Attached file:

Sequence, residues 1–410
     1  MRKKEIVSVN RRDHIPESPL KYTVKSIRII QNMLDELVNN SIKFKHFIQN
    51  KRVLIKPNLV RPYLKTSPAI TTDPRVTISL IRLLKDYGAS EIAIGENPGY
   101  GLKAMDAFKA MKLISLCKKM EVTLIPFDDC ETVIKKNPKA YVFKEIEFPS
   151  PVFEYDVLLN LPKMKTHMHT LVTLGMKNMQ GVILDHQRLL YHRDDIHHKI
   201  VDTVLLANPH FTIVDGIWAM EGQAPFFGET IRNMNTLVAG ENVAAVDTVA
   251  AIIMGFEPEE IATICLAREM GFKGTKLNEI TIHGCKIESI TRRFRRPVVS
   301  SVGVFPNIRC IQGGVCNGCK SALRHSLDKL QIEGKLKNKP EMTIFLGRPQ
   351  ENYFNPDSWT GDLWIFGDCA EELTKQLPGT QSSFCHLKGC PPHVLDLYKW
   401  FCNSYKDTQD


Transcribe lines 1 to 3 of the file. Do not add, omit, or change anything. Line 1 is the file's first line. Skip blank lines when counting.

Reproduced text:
Sequence, residues 1–410
     1  MRKKEIVSVN RRDHIPESPL KYTVKSIRII QNMLDELVNN SIKFKHFIQN
    51  KRVLIKPNLV RPYLKTSPAI TTDPRVTISL IRLLKDYGAS EIAIGENPGY